Commentary

Colts' secondary overcomes injuries

Originally Published: February 3, 2010
By John Clayton | ESPN.com

MIAMI -- Former Colts coach Tony Dungy used to preach in team meetings that if a player went down with an injury, "the next guy just had to step up."

As it turns out, the "next guy'' premise is one of the reasons the Colts are in the Super Bowl.

Injuries rocked the secondary early in the season. All-everything safety Bob Sanders played only two games before injuries ended his season. Kelvin Hayden, the league's least-known $8.6 million-a-year cornerback, was hurt after two weeks and played only sporadically the rest of the regular season. Cornerback Marlin Jackson, a former first-round pick, played only four games because of injuries and started none.

[+] EnlargeBullitt/Lacey
Scott Rovak/US PresswireJacob Lacey, left, and Melvin Bullitt have managed to fill big shoes in the Colts' secondary.

The "next guys'' ended up being a safety (Melvin Bullitt) whose style is similar to his name, a third-round rookie (Jerraud Powers) who might have been the best cornerback to come into the league this season and an undrafted rookie corner (Jacob Lacey) who somehow managed to survive and play very well.

Heading into Super Bowl XLIV, the Colts' secondary, which could have been labeled a disaster area, is much better than outsiders think. To survive Sunday's showdown against Drew Brees and the Saints' No. 1-ranked scoring offense, the Colts' secondary must hold together and play its best game of the season.

"In training camp, Coach [Jim] Caldwell always started off by saying this is a team of 61 guys, including the guys on the practice squad,'' Hayden said. "He said that during the year, he guaranteed that everybody would be needed and we need for these rookies and young guys to buy into that."

What helped was the ability of general manager Bill Polian to find athletes who are intelligent enough to learn the Colts' Cover 2 scheme and be able to play it when called upon. Not many teams can get only 10 starts out of three-fourths of their starting secondary and advance to the Super Bowl.

Safety Antoine Bethea held everything together all season. Bethea is one of the NFL's better safeties but is unheralded among fans. Players and coaches know him. He has been a Pro Bowl alternate the past two seasons and is gaining a reputation as one of the league's smarter safeties. His leadership held the Colts' secondary together at the most crucial time of the season -- when everyone was going down with injuries early in the season.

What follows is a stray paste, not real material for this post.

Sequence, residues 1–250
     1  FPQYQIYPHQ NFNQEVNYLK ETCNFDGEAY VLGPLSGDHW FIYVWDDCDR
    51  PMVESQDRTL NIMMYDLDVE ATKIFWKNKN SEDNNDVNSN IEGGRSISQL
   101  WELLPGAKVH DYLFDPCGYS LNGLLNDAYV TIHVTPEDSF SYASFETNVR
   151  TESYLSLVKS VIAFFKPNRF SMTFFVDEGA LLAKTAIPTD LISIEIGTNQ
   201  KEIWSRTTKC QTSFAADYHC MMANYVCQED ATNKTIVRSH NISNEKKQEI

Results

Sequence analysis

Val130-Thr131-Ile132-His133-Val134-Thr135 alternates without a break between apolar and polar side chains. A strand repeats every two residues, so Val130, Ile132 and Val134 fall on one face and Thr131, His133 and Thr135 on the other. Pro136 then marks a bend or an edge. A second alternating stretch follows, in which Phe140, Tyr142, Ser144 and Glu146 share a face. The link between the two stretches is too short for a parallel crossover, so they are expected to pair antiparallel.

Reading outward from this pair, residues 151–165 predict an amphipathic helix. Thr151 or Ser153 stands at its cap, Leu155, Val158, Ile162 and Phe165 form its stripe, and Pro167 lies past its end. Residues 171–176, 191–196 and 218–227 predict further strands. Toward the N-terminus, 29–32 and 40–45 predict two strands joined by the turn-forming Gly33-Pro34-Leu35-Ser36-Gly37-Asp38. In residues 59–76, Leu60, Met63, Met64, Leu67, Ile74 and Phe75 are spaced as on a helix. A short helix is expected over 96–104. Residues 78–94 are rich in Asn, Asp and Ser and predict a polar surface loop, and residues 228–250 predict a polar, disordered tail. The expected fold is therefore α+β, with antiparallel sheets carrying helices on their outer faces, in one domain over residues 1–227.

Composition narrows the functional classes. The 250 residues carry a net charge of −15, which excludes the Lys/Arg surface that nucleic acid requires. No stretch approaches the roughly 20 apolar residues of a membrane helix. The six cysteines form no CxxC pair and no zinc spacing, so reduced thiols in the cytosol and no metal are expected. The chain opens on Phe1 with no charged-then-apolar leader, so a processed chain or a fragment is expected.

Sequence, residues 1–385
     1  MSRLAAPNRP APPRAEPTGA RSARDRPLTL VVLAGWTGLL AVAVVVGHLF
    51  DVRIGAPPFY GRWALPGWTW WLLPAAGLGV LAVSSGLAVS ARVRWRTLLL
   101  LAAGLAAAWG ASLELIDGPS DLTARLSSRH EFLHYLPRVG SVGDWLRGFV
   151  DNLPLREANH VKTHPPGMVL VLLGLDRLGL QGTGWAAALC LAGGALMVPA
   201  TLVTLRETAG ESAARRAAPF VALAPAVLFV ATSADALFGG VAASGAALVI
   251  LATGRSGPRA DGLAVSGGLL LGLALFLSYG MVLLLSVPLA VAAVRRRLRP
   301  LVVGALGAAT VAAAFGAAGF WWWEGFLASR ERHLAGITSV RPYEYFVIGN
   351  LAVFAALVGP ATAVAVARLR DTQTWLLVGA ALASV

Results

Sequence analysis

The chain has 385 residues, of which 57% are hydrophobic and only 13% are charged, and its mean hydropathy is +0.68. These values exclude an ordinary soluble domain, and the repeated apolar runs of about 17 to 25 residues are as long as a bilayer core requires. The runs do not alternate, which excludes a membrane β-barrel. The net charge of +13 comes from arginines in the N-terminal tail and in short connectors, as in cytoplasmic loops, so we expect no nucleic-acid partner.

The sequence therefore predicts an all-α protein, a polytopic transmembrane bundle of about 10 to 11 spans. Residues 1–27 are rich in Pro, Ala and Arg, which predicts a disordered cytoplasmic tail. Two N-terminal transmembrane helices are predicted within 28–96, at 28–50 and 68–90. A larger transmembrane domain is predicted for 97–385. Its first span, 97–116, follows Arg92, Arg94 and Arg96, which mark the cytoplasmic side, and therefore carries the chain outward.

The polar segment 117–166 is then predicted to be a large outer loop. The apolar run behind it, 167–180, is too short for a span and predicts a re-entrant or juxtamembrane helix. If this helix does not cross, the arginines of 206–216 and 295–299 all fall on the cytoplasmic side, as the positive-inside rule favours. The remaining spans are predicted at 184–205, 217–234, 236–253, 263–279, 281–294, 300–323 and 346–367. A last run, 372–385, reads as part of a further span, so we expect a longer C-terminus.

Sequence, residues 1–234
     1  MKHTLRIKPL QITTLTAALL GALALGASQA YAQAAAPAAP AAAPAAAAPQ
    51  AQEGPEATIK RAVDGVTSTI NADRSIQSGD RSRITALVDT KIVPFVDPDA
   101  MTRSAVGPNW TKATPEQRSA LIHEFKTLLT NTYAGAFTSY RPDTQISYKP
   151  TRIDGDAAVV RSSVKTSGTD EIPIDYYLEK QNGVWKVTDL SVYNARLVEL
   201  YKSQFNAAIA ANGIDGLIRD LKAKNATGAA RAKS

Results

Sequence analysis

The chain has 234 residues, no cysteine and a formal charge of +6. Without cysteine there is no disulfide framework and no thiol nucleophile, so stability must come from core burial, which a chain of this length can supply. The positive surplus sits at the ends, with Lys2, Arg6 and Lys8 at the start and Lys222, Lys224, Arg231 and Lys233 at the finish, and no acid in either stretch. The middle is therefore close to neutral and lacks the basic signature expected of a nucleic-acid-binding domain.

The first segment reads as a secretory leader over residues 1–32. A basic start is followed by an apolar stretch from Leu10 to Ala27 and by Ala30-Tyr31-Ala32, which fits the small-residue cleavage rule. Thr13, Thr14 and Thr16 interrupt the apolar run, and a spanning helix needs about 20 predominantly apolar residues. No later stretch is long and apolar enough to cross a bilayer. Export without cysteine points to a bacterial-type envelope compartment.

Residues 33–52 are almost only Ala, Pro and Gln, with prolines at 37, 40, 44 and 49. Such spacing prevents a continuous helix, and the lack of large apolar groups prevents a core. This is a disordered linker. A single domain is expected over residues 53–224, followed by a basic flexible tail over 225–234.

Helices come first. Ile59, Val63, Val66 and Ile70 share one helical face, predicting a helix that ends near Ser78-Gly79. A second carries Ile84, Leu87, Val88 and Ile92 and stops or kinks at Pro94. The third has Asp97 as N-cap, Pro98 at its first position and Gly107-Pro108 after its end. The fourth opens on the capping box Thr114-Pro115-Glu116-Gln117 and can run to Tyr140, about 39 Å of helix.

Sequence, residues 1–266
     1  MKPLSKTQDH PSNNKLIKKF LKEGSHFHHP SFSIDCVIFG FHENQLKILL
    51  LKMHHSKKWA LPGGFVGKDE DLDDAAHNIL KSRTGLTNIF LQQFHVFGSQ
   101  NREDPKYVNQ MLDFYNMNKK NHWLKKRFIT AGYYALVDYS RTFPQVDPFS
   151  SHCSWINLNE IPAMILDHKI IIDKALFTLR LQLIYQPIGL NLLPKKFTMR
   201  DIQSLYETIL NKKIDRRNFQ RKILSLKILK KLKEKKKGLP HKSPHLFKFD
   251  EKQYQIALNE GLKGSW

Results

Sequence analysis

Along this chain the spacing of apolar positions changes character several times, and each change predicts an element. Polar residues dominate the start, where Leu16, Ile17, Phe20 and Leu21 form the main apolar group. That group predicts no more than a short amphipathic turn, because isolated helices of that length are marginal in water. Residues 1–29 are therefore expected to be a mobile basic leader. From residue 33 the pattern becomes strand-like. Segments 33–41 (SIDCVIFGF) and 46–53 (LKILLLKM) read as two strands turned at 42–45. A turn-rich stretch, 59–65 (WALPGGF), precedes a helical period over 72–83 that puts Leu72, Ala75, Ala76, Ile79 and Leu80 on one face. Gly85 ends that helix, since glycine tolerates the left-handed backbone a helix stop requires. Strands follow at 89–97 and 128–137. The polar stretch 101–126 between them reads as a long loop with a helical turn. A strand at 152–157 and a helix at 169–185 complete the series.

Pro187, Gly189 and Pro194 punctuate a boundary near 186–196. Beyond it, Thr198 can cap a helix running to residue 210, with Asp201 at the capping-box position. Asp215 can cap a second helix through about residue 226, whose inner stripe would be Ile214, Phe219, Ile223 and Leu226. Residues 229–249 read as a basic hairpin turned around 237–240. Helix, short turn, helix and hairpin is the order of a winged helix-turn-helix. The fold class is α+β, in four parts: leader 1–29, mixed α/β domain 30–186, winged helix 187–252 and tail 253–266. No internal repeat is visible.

"You have give Antoine a lot of credit because he did a tremendous job of keeping us together and making sure we kept up our confidence," Powers said.

Injuries hit the Colts' secondary so hard at the beginning of the season that rookies Powers and Lacey had no time to think. Bethea calmed down the rookies and got them through the first few starts.

"All the injuries happened in about a two-week period early in the season," Powers said. "Antoine talked to us and said, 'You guys know how to play football, so just go out there and play.' He told us [to] not be afraid to mess up because he had our backs."

Powers and Lacey combined for 21 starts but surrendered only three touchdowns between them. At first, they were tentative, but they eventually got comfortable.

[+] EnlargeAntoine Bethea
Brian Spurlock/US PresswireAntoine Bethea has used his high football IQ to help guide the Colts' young DBs.

The Colts' Rod Perry, one of the league's better secondary coaches, marvels at how this secondary held together this season. When the Colts lost Sanders, most outsiders thought the secondary would fall apart. But defensive coordinator Larry Coyer didn't change up the scheme even with Sanders out.

"It's still the same scheme because we fly to the football,'' Bullitt said. "That's the one thing we thrive on. Bob is an awesome player. When he's on his game, he's unbelievable. And he'll be back next year."

Opponents completed 63.5 percent of the passes against the Colts, but Indianapolis' strategy is to keep those who catch the ball in front of the defenders and not allow big plays. Without Sanders, and using two rookie starters most of the season, the secondary allowed a modest 6.23 yards an attempt and was beaten for 19 touchdowns.

"Even without Sanders, we've still got to go out there and play our style of ball," Bethea said.

Two big concerns for the Colts' defense this week are the ankle of defensive end Dwight Freeney and the foot problems of Powers. Freeney is questionable with a third-degree right ankle sprain. Powers is just starting to recover from a foot injury that made him a nonfactor in the Colts' past two playoff games.

Having Powers available to start or even play nickel is vital to the Colts against the Saints. Tim Jennings would play more if Powers is limited. Two-thirds of the pass attempts thrown in his area have been completed and he surrendered five touchdown passes during the regular season.

John Clayton, a recipient of the Pro Football Hall of Fame's McCann Award for distinguished reporting, is a senior writer for ESPN.com.

John Clayton

NFL senior writer